Narcos: Rise of the Cartels
Narcos, the XCom-like game based on the TV series about drug lords, wasn’t received particularly well, commercially and critically. But what stood out most to me was how the gameplay bore little resemblance to the actual plot points of the TV show.
Like Goldeneye, the Narcos game focussed on one singular element of its source narrative, shooting the bad guys. Progression in the game is also confined to a series of linear missions, with some additional side missions thrown in for flavour. But there’s so much more to Narcos than that, and the series has so much more potential for interesting gameplay. Gathering evidence, exposing corruption, persuading politicians, using informants, all of these activities act as setups for combat but are just as relevant to the source material.
But are there any examples of good video games that also model their source material well? I think Alien: Isolation is a good candidate. It explores and expresses such themes and tropes as: survival of the fittest, loneliness (isolation, literally), heritage, motherhood, and primal fear.
The second Alien film (Aliens) utilises strong themes of survival and motherhood in the relationships between not only the principal character Ripley and the sole child survivor Newt, but also a further entangled relationship with the Alien Queen and her eggs. Even the Facehuggers themselves feel like a warped, distorted, and terrifying allusion to the trauma of giving birth.
Alien: Isolation’s principal character is Ripley’s daughter, setting out to find her mother, during which she encounters abject terror in the form of the Alien, and corporate corruption in the form of Weyland Yutani. Additionally the mechanics of Alien: Isolation feel like a childlike game of hide and seek, except the hunter is the Alien, an apex predator and the only known species to effectively threaten human survival. Through some of its mechanics then, Alien: Isolation has managed to really capture the spirit of the franchise, while also being a great game.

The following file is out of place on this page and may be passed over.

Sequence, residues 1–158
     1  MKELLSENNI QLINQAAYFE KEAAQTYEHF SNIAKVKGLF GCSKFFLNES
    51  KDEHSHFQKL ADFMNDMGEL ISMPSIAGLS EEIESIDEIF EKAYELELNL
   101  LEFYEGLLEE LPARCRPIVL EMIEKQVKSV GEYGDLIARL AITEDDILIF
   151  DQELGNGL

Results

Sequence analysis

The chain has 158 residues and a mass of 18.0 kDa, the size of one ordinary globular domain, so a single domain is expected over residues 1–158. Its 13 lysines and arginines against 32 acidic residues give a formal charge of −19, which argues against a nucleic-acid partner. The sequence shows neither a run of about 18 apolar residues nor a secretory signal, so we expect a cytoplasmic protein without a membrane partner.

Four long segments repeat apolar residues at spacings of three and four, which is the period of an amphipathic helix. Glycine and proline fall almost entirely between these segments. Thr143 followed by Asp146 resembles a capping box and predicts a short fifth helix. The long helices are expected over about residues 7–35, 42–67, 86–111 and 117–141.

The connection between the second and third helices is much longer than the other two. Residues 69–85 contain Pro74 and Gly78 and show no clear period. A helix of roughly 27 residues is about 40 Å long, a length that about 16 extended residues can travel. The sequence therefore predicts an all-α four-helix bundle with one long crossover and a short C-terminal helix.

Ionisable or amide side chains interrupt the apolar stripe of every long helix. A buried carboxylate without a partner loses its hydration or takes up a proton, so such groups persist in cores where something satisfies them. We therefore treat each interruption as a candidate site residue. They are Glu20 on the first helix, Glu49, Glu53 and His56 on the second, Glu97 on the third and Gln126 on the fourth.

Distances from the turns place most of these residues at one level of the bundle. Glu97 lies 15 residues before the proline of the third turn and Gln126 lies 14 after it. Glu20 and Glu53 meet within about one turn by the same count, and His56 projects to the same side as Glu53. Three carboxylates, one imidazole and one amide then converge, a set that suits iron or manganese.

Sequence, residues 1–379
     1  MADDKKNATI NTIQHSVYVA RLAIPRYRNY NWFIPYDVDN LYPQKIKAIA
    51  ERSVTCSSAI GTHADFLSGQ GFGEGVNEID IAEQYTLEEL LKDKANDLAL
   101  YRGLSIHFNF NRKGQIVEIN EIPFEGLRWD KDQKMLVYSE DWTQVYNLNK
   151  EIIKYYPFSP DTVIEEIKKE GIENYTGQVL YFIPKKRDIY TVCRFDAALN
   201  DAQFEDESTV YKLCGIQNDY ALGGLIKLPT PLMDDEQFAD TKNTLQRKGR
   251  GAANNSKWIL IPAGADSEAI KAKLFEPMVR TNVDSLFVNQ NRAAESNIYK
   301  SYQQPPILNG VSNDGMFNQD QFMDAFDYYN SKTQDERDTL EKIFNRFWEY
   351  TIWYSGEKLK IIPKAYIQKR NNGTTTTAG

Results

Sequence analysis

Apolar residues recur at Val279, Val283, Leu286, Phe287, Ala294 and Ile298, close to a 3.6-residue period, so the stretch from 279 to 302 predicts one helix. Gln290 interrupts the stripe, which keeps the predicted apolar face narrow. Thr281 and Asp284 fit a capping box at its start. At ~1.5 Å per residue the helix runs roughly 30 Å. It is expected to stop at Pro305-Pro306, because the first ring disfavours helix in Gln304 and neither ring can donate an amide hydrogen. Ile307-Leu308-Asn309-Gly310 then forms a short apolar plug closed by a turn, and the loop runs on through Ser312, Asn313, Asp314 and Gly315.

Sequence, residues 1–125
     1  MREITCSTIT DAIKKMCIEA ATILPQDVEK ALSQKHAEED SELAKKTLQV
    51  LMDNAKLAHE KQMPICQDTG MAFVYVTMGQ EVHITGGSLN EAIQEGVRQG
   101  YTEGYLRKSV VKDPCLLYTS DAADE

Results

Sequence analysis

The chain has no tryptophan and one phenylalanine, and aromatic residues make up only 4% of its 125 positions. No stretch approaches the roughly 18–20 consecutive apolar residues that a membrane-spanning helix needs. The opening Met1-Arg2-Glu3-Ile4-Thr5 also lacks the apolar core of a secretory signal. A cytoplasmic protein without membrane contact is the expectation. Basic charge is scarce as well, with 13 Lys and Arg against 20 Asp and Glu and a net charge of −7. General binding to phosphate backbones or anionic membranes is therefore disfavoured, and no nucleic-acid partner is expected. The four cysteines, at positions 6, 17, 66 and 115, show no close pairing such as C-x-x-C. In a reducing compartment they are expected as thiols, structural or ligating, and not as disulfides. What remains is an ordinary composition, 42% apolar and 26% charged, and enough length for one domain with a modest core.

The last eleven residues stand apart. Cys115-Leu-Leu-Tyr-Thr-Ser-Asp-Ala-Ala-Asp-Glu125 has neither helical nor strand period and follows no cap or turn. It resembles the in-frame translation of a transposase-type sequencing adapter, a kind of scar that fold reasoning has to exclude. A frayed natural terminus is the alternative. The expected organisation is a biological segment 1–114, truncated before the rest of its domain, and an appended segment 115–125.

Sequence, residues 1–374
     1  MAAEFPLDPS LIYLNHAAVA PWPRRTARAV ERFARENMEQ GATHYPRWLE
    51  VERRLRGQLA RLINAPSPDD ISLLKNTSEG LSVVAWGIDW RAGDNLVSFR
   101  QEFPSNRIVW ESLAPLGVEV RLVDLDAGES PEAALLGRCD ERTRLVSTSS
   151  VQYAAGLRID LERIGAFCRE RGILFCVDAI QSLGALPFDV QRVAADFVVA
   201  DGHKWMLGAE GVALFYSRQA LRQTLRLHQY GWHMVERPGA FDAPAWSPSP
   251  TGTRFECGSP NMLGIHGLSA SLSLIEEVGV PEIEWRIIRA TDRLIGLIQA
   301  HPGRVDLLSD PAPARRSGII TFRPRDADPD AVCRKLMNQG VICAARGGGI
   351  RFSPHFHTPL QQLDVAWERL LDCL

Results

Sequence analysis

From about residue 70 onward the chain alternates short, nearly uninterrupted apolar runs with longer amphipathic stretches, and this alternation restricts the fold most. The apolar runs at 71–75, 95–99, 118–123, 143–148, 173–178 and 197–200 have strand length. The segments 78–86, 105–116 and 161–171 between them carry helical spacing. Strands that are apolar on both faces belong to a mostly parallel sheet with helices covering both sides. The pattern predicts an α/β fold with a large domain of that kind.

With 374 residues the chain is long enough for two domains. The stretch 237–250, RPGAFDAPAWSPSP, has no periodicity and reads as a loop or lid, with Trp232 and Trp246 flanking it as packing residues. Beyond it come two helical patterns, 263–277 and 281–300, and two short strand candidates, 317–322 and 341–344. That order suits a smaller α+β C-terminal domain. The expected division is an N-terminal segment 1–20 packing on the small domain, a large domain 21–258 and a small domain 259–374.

But how do we model a game effectively to its source material?
Like a lot of things in design, or art in general, I don’t think there’s an easy answer or rule. After all, no game design survives beyond first contact with its players, and I certainly would never profess to have all the answers. But maybe there are a few things that we can do to help capture the spirit of the source material, such as:
Identify the deeper themes and tropes.
Understand that effective modelling may not just be about replicating narrative, but more about making a player feel the same way they do when consuming the source material.
Identify the problems that characters face in the source material and how they overcome them. How would this be represented as a game mechanic?
Why a character does something, may be much more important than what they do.
And of course, playtest. Playtest, playtest, playtest.